Top Four Reasons That Explain The Chinese Stock Market Bubble

Published on 11 Aug, 2015

Chinese Stock Market Analysis

How would you envision a bubble of epic proportions? Consider this: in the last 12 months, the Chinese markets created value enough to give each individual on the planet about $900. During this time, China’s steep stock market climb created US$6.5 trillion in value. It was roughly about 70% of China’s GDP in 2013, or about 40% of the New York Stock Exchange’s total value. In fact, it was enough to pay off Greece’s debt 20 times over. No other stock market has ever grown in this proportion in absolute dollar terms across a 12-month period.

This unimaginable propulsion has taken the play far beyond the fields of individual investors. Most companies in China have been finding stock investing an attractive option as the economy is struggling with weaker demand, excess industrial capacity, persistently high borrowing costs, and more. According to WSJ reports, 97% of the growth in Chinese manufacturers' profits now has been stemming from day trading. Manufacturing companies in China have been shutting down their operations and putting their cash in the stock market, with the hope to make some profit.

And then the inevitable happened. The Chinese stock market is in a free-fall mode, with the Shanghai Composite Index 40% down since June 12th, 2015. The margin trading turmoil has shifted and could be equal to 6 trillion Yuan (U$970 billion) of borrowed money into the market, putting an equivalent of nearly 10% of China’s GDP at risk.

Here are the four reasons for the Chinese stock market bubble:

1. Leveraged Investing: Relentless Borrowing

One of the main reasons for the mayhem is that millions of Chinese citizens have borrowed money and poured their cash into shares, which inflated prices to unjustifiable levels. When prices began to dip, these investors were forced to sell shares in order to repay the borrowed money and cover losses. The vicious circle of selling is creating panic and further pushing down prices.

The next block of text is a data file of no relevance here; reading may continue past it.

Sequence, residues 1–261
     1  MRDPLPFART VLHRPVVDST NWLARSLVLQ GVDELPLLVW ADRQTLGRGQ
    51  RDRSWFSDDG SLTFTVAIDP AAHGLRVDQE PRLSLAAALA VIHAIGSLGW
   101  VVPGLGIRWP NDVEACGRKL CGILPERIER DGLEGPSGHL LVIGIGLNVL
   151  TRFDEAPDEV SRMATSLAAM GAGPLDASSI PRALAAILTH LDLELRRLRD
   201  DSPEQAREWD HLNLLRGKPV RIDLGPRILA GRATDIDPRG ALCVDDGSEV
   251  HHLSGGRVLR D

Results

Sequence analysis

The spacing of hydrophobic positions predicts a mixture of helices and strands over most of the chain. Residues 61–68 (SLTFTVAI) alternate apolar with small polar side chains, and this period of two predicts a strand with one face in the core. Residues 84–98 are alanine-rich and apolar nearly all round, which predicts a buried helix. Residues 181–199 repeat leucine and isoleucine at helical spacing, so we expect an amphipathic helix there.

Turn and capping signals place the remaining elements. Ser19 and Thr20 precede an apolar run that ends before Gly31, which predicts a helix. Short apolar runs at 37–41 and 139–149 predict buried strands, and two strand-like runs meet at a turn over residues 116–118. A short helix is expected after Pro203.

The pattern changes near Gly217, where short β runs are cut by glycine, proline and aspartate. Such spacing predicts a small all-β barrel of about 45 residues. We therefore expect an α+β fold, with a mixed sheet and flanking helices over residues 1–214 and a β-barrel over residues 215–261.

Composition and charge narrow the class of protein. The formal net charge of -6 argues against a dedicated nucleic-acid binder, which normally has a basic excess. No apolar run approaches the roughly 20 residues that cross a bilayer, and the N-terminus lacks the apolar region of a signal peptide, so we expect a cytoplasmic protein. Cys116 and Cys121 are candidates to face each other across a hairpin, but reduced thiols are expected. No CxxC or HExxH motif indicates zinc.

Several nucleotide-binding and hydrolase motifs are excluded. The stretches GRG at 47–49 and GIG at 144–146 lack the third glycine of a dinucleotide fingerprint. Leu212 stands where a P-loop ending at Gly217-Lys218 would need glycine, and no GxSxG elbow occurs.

According to China Securities Depository and Clearing Co, the equity market currently has more than 90 million individual investors. Most companies whose share prices were rising were not actually improving; the prices were on the upward swing because demand was high and people were bidding relentlessly.

Most retail investors were investing in shares beyond what they had to invest by using their money as collateral to borrow more money-a phenomenon termed as leveraged investing. In simpler words, China today is experiencing what the US had faced in 1929.

SSE Composite Index

Piling In-Number of new A-share accounts opened

2. Unprecedented Mega Valuations

In Shanghai Stock Exchange (SSE) Composite, about 94 percent of Chinese stocks have been trading at higher valuations than the index. Industry pundits suggest this as a consequence of its heavy-weighting toward low-priced banks. Here, we’d have to use average or median multiples to get a different picture. Chinese shares cost more than thrice than any of the world’s top 10 markets, and almost double of what they were priced at in October 2007 when the SSE Composite peaked.

The Chinese Stock Market Bubble - Projected median

3. Higher Volatility Than S&P

Chinese stock market has always been more volatile than stocks globally because retail participation ranges at about 80% to 90% of trading in the Chinese equity markets. After climbing for months, the mainland exchanges recently witnessed its steepest drop since 2008. In fact, the Chinese stock market has witnessed bigger fluctuations over the past 30 days than any other market, except Greece.

Higher Volatility Than S&P

4. Disconnected Chinese Stock Market And The Real Economy

Strangely enough, the stock market bubble still exists despite poorly performing Chinese economy. Its GDP, in the first quarter of 2015, grew by just 6% Y-o-Y, the slowest since 2009. Imports, retail sales and investments have also declined.

The slowing economy and surplus supply in some cities have caused a price slump in the property market, which has long been considered a safe and reliable investment option for Chinese households. Hence, there’s a major shift of investments from property to the equity market.


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